a scandalous political ‘thriller’ that does not shock us

Spanish cinematographic narrators do not lavish Thriller in French politicians like Emperor Code (2022). We have all the necessary social drama, but films that delve into the ins and outs of government life in this country are rare. A curious paradox, because what happens in regional and state parliaments and the comings and goings of parties feed daily conversations.

For this reason, when a film is released which deals with the functioning of what are called the state sewers, we decide to see how it went for Jorge Corira his fourth feature film after the year of the tick (2004), eighteen meals (2010) and Eroski paradise (2019). And frankly, the hour and forty-four minutes of Emperor CodeIt gives us mixed feelings.

Despite what he says is interesting and amazing by the methods of surveillance, control and pure blackmail that he describes and the rot that can hide under the old carpets of the buildings of the capital in which, it is assumed, civil servants work for the citizens. For this part, Jorge Coira and the author of the libretto, Jorge Guerricaechevarría, won us over.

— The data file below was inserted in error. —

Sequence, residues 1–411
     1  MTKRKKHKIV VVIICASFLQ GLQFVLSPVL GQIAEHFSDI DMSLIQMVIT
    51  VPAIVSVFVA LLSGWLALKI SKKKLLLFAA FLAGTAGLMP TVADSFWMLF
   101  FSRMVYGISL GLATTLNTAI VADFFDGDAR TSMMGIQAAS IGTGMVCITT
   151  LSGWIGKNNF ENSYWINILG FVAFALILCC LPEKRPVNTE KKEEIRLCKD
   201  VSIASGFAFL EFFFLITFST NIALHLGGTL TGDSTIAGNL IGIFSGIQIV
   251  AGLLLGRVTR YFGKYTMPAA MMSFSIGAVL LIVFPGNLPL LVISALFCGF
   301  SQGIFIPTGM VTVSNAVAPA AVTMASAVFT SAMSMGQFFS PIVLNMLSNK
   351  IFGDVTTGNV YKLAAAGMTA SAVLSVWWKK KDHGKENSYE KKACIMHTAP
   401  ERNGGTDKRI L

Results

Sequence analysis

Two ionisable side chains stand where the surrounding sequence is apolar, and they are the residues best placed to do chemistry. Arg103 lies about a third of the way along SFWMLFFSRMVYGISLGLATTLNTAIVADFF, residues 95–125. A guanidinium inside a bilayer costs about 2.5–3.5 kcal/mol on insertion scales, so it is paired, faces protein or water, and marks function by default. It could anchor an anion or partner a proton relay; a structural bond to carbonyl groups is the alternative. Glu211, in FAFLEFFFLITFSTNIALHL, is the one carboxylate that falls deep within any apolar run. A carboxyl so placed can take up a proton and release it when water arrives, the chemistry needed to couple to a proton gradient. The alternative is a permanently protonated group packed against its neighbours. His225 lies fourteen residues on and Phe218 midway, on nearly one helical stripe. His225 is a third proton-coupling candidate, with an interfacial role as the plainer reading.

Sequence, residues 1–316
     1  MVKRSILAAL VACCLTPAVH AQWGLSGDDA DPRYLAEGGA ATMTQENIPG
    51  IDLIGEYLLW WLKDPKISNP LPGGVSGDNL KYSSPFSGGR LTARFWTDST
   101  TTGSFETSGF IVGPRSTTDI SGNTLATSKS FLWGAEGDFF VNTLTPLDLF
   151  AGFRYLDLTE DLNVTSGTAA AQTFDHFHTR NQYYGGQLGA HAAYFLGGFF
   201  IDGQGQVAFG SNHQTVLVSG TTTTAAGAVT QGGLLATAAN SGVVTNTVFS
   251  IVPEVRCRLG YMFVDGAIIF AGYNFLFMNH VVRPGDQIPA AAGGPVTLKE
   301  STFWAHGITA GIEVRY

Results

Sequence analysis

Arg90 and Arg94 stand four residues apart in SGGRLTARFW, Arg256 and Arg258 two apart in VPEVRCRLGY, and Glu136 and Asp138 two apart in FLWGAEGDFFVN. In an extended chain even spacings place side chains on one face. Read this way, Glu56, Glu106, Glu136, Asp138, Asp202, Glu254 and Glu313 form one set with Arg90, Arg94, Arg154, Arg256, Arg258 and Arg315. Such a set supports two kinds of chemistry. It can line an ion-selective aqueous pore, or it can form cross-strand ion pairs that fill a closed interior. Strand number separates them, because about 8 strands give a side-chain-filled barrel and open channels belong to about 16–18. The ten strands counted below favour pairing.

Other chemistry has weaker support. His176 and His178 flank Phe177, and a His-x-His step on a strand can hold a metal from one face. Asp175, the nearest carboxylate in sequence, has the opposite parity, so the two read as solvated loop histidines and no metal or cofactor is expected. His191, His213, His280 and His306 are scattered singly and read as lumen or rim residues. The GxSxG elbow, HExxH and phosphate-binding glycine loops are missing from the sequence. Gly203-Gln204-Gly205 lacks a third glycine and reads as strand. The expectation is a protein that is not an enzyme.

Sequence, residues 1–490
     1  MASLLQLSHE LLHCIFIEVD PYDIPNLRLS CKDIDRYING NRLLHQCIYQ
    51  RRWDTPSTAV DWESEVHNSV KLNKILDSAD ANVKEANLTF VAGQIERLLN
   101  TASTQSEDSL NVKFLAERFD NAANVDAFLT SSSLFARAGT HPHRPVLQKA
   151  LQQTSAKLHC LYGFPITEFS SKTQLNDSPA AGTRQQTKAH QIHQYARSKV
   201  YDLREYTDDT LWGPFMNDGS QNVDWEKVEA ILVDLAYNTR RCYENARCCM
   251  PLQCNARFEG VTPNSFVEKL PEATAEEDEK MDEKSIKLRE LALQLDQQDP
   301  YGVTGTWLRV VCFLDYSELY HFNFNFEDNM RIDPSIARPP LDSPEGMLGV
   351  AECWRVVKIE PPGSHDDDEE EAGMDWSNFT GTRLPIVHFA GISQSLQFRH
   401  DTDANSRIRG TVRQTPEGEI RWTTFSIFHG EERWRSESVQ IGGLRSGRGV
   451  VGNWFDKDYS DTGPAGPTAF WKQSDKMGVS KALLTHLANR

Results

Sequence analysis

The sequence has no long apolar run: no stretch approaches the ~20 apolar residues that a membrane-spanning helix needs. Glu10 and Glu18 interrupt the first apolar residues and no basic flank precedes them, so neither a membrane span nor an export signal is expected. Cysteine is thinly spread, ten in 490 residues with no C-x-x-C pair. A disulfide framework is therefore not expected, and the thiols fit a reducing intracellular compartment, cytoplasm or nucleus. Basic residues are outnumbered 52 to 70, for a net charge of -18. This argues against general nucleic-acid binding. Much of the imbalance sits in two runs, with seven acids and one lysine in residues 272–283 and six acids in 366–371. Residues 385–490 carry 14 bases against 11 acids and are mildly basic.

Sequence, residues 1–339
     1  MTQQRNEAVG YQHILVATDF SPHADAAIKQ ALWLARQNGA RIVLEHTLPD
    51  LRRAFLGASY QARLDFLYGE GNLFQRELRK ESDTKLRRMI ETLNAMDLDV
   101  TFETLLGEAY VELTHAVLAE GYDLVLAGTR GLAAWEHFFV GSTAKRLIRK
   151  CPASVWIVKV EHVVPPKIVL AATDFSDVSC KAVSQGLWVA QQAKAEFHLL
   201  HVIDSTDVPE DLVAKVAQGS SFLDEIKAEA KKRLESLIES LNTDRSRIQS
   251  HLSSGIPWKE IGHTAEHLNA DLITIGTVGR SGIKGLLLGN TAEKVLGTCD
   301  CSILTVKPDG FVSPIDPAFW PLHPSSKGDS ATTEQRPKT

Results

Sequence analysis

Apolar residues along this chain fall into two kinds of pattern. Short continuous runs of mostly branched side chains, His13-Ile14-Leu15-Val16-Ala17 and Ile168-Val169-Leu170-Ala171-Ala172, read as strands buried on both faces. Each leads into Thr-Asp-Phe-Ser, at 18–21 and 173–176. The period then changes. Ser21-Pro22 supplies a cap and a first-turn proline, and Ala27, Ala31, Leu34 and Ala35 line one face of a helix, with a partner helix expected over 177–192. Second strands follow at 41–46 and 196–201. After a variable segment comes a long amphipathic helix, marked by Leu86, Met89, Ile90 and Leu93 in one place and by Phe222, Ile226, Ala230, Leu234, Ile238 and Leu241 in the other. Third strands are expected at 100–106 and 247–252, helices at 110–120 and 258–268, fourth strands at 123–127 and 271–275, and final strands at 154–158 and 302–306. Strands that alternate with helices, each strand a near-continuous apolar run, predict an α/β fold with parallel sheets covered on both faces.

‘Emperor Code’: an interesting story without great audiovisual energy

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What happens is that the curiosity aroused by the plot details of Emperor Code and the background they designate, capable of producing sincere indignation, cannot remove from the film a defect which, unfortunately, greatly reduces your efficiency arouse real concern in the spectators and leave an appropriate imprint on their minds, not necessarily indelible, but at least lasting.

As much as Sandra Sánchez, with a career not yet very prominent, strives for a refined and agile editing from the first sequence, the film by Jorge Coira, who has also directed a good number of episodes for television series such as I know who you are (2017), Iron (2019-2021) or next grated (2022), sins of a certain audiovisual weakness which he never recovers from.